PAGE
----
Our Torah reading this week begins with the commandment to appoint shoftim and shotrim. We know what shofitm do — they judge. Rambam in Hilchot Sanhedrin explains that shoftim sit in court and those with claims come before them. But just what are shotrim and what do they do? Rambam explains that shotrim have the “staff and the strap:” they are the enforcers of the judgments handed down by the courts.
As parents and teachers, we are called upon constantly to be both judges and enforcers. Neither of these jobs are particularly enjoyable: sifting through evidence (which can be hard to attain in a linear manner); getting the “truth” (or as close to it as possible); and, finally, handing down and following through on the consequences. We all want our children and our students to feel close to us. Sometimes, as the adults in their lives, it’s our job to keep our eye on the longer-term goals we have for them: do we want our kids to be happy in the moment, or learn what honesty means? Do we want them to stop complaining, or learn to delay gratification?
We are familiar with similar advice from Shlomo HaMelech, who wrote in chapter thirteen of Mishlei: choshech shivto soneh b’no; ve-ohavo shicharo musar – “One who spares the rod hates one’s child; but one who loves one’s child sometimes chastens them.” We all agree with such advice in theory, but in practice, it can become difficult.
I read a story this week of a religious mother from Indianapolis who beat her seven year-old son with a coat hanger, leaving serious welts and bruises, and used this verse as in defense of her actions. We are quick to react to such stories. We are angry and disgusted; we often feel superior to and more sophisticated than people who would behave this way. But how do we draw the line between discipline and over-indulgence?
There’s some insight later in the parasha where we learn of another crucial role for the shotrim. In chapter 20, we read of what will happen when we assemble for war and see sus va-rechev am rav mimecha – “horses and chariots and many more troops than you have.” (Gulp.) First the kohen is to approach the troops and give a speech reminding all not to be afraid since Hashem will accompany them and fight for them.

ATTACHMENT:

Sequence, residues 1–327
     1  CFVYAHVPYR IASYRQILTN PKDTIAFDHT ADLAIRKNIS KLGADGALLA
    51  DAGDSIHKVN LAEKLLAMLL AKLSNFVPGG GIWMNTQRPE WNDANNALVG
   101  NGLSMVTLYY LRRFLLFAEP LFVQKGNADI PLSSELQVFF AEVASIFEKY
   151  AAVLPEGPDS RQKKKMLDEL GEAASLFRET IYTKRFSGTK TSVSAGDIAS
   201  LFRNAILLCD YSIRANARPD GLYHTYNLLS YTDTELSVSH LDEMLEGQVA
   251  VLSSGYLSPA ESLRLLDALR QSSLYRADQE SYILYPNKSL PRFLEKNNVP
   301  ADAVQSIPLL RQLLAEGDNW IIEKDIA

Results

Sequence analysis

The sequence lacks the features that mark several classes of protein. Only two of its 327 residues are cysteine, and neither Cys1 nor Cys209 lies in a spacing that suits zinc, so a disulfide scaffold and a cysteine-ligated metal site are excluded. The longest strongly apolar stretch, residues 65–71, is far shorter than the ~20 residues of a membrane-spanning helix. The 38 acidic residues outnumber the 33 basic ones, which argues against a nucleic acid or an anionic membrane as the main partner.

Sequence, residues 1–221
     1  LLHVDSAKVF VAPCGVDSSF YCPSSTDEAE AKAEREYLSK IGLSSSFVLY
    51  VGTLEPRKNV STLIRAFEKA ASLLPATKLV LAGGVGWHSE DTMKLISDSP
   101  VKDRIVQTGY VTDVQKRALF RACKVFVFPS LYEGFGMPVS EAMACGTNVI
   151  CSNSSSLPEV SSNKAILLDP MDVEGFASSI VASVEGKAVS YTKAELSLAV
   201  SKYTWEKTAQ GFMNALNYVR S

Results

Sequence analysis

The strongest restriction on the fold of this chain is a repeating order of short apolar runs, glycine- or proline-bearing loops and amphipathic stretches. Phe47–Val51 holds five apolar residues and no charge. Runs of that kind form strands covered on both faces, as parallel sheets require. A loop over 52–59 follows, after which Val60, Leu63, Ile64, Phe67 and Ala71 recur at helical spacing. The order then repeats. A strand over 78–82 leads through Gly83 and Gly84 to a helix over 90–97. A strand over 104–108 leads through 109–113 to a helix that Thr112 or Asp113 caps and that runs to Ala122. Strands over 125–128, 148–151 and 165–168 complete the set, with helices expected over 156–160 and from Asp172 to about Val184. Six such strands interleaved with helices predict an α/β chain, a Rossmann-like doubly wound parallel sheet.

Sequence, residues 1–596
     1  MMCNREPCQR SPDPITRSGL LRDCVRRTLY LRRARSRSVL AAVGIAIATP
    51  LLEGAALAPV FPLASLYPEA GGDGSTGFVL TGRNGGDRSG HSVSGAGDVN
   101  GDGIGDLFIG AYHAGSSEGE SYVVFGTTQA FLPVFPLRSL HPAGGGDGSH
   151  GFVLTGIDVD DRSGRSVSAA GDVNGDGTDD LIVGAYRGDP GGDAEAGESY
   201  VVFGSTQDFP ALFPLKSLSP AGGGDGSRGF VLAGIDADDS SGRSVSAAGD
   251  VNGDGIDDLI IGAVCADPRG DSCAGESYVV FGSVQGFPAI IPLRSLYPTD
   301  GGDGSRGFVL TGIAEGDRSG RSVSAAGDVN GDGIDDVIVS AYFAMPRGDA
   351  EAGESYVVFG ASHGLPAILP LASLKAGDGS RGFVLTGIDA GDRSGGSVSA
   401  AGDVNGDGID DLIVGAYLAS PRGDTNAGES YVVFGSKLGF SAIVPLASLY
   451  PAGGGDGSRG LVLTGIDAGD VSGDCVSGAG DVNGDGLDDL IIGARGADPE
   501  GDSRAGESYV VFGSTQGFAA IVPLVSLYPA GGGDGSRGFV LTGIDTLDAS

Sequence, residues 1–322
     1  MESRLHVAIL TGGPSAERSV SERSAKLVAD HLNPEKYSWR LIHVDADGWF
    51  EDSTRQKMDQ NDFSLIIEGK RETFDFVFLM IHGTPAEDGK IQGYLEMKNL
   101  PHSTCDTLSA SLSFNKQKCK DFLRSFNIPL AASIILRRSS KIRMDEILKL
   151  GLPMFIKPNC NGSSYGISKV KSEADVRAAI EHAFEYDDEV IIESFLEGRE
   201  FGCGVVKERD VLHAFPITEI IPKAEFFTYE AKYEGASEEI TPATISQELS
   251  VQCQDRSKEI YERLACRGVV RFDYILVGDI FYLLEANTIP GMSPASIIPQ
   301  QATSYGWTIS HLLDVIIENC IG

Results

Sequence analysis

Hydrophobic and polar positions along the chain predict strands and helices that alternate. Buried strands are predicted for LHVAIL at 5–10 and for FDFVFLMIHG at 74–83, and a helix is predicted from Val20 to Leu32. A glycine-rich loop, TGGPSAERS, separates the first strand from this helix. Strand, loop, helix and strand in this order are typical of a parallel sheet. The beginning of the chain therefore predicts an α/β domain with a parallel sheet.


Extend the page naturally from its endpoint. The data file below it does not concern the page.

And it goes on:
After that, though, the troops are asked if anyone has built a new house and not dedicated it; planted a vineyard and not yet eaten of its fruit; or become engaged and not yet married. Any who answers yes can return home. The soldiers are then asked one final question: if any of them are simply afraid to go to war. This is their final “get out of jail free” card. Those who cannot deal with their fear may leave. Rambam in Hilchot Melachim explains that while the kohen would ask the first three questions, it was the shotrim themselves who would ask the last one, offer this final way out, to the panicky troops.
Why give this job of asking perhaps the most sensitive question to the enforcers? Perhaps that’s to show the troops — and us, by extension — that even the enforcer must have a heart. As tough as we need to be — and we sometimes really, really need to be — we also need to be seen as caring and sensitive. That can be a challenge when a terrified soldier (or a furious child) stands before you, but such is the role of the shotrim.
May we all be granted strength to hold firm with our kids — and to do so every time with compassion.
As September 11th arrives this Sunday, it’s an appropriate time to appreciate the shotrim in our community in any way we can. We will also all join together to celebrate our school community at Cherry Lane from 11-3 at our opening PTA Family Picnic. I hope to see all of you there!
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